The chicken homolog of MBD2 is a bona fide methyl-CpG-binding protein and is a component of the MeCPC. (A) DNA sequences of the 50-bp probes used for EMSA with cMBD2. The sequence is derived from the first exon of the ρ-globin gene. The unmodified sequence contains 1 CpG (a1CpG). The sequence was modified to contain no CpGs (a0CpG), 2 CpGs (a2CpG), and 3 CpGs (a3CpG). All CpGs are indicated in bold. Bases that have been mutated compared with the wild-type ρ-globin gene are underlined. (B) cMBD2 is a bona fide MCBP in vitro. The probes a0CpG, a1CpG, a2CpG, and a3CpG were methylated and incubated with recombinant cMBD2. The binding reactions were subjected to EMSA. cMBD2 forms a complex (indicated by the arrow) with the probes containing methyl-CpGs. (C) Anti-cMBD2 antibodies supershift the MeCPC. Inclusion of V2 anti-cMBD2 IgG, but not control IgG, retarded the mobility of the MeCPC complex (supershift) during EMSA.

For further characterization of cMBD2, polyclonal antibodies were generated by immunizing 2 rabbits with GST/cMBD2. Both anti-cMBD2 antibodies (named V1 and V2) recognized an endogenous protein of 28 kDa in multiple chicken cell types, including primary erythroid cells (see Figure S2). Using the anti-cMBD2 antibodies, we wanted to establish that cMBD2 was a component of the MeCPC complex we observed by EMSA. “Supershift” experiments were performed by adding the V1 or V2 antibodies to the EMSA binding reactions. The addition of V2 antibodies, but not control IgG, to the binding reactions retarded the mobility of the MeCPC complex during EMSA (Figure 1C). These data confirmed that MBD2 is likely a component of the MeCPC.

To understand the binding preference of the MeCPC for the methylated ρ-PTR over the canonical MeCP1 binding substrate M-CG11, we sought to determine what the protein components of the complex are, in particular any factors that may be unique to the MeCPC as compared with the MeCP1 complex derived from HeLa cells.20 We developed a chromatography scheme to purify the complex from primary chicken erythroid cell nuclear extracts composed of 4 column steps (Figure 2A). The fractions from the final column of the purification scheme displayed intact MeCPC binding activity in fractions 32 through 36 (Figure 2B), indicating that the complex was stable during purification. The purified sample was run on a 10% SDS-PAGE gel, and the proteins in the sample less than 85 kDa were identified by MALDI-TOF followed by peptide mass fingerprinting (PMF). The SDS-PAGE gel of the final MeCPC sample is shown in Figure 2C (left) with the match for each gel band indicated in Figure 2C (right). Using a novel algorithm that fits PMF data to EST contigs within the ChickEST database28 (Ian M. Overton and Simon J. Hubbard, unpublished observations, August 2004) we were able to match 15 of the 17 bands in the gel analyzed by MALDI-TOF mass spectrometry (see Table S2 for characteristics of these proteins).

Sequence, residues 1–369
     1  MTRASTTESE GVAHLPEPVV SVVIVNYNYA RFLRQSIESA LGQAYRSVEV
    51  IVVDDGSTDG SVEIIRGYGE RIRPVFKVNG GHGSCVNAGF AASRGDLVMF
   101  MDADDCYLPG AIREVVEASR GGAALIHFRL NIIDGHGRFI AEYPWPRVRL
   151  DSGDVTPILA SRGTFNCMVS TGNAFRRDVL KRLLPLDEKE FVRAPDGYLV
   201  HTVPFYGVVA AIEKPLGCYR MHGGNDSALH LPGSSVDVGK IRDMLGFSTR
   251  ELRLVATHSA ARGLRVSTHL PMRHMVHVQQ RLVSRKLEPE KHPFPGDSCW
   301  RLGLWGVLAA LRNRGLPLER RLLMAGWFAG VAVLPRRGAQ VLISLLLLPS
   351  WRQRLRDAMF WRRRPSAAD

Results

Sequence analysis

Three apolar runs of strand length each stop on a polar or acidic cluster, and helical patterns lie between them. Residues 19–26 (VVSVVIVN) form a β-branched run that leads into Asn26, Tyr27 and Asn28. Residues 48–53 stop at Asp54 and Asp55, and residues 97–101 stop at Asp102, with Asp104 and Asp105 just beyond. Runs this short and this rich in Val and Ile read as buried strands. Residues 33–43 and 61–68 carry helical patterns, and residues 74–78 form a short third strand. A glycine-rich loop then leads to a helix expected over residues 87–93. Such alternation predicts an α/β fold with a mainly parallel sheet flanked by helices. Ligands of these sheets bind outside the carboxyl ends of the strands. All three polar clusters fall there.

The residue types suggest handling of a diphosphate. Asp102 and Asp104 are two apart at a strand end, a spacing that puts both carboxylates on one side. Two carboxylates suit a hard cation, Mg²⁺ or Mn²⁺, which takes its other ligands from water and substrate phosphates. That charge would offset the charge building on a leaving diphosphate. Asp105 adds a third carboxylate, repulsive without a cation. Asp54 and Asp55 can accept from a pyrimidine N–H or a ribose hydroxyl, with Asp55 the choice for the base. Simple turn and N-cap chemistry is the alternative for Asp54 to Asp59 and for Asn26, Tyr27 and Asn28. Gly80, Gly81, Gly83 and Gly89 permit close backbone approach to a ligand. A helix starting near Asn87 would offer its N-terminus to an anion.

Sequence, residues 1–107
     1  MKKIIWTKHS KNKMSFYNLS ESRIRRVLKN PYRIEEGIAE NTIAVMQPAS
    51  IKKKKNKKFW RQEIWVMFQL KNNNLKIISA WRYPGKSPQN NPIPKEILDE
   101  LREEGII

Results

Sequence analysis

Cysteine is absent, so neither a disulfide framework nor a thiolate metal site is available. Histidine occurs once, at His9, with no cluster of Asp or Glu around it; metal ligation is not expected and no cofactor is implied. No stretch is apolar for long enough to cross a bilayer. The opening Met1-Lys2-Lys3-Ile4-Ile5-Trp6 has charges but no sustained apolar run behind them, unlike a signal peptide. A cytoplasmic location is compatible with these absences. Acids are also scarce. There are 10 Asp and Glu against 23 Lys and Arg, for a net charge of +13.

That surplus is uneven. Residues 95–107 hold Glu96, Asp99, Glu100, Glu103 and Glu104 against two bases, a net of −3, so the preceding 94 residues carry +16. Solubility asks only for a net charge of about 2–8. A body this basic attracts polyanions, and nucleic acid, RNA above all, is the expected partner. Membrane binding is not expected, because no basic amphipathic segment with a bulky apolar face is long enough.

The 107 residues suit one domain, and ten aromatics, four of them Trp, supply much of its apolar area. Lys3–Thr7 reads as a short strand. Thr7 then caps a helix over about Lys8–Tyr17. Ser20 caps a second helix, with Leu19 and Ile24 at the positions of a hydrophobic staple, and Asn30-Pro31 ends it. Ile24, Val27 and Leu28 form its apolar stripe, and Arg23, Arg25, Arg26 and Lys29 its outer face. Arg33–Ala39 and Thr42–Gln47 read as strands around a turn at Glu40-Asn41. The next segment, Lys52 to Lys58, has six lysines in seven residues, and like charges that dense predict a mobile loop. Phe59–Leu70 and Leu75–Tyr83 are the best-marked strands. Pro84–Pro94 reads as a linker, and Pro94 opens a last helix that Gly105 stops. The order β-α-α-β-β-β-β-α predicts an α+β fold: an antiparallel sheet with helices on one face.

Figure 2.

Identification of components of the MeCPC purified from primary erythroid cells. (A) Chromatographic scheme (strategy I) used to purify the MeCPC from primary erythroid cells. The fractions eluted from each column were assayed for MeCPC activity by EMSA using the M-ρ248 probe. (B) EMSA on the eluted fractions from the final column of MeCPC purification strategy I (Heparin Sepharose HP) using the M-ρ248 probe. The MeCPC elutes in fractions 32 through 36. After 4 column chromatography steps the complex remains intact. (C, left) Sypro Ruby-stained protein gel containing 15 μg purified MeCPC. The identity of the bands was determined by matrix-assisted laser desorption/ionization time-of-flight (MALDI-TOF) mass spectrometry followed by peptide mass fingerprint data analysis. The molecular mass of markers in kDa is indicated. (Right) Identities of the bands in the gel. Proteins are grouped into columns based on the complex the protein has previously been associated with (MeCP1, eIF3, or Other). Four components of the MeCP1 complex were identified in the purified MeCPC sample: MBD2, RBAP48, HDAC2, and MTA1. Four components of the eIF3 complex as well as an associated protein were identified: eIF3i, eIF3h, eIF3e, eIF3d, and HSPC021. Five additional proteins were identified: β-actin, MENT, p50unk, BAF60b, and FMIP. The identity of the 2 smallest proteins in the gel could not be established.

The proteins cMBD2, RBAP48, HDAC2, and MTA1 were identified in the purified MeCPC sample. Given that these 4 proteins were previously identified as components of the MeCP1 complex,20 they were considered putative components of the MeCPC. We identified 4 components of the eukaryotic translation initiation factor 3 (eIF3) complex: eIF3i, eIF3h, eIF3e, and eIF3d,37 as well as HSPC021, a protein that is known to coelute with the eIF3 complex.38 We identified 5 additional proteins: β-actin, MENT, p50unk, BAF60b, and FMIP. Neither the eIF3 complex, FMIP, nor p50unk has been shown to have a role in transcriptional repression or chromatin modulation; therefore, it is likely that these proteins were contaminants in the purified MeCPC sample.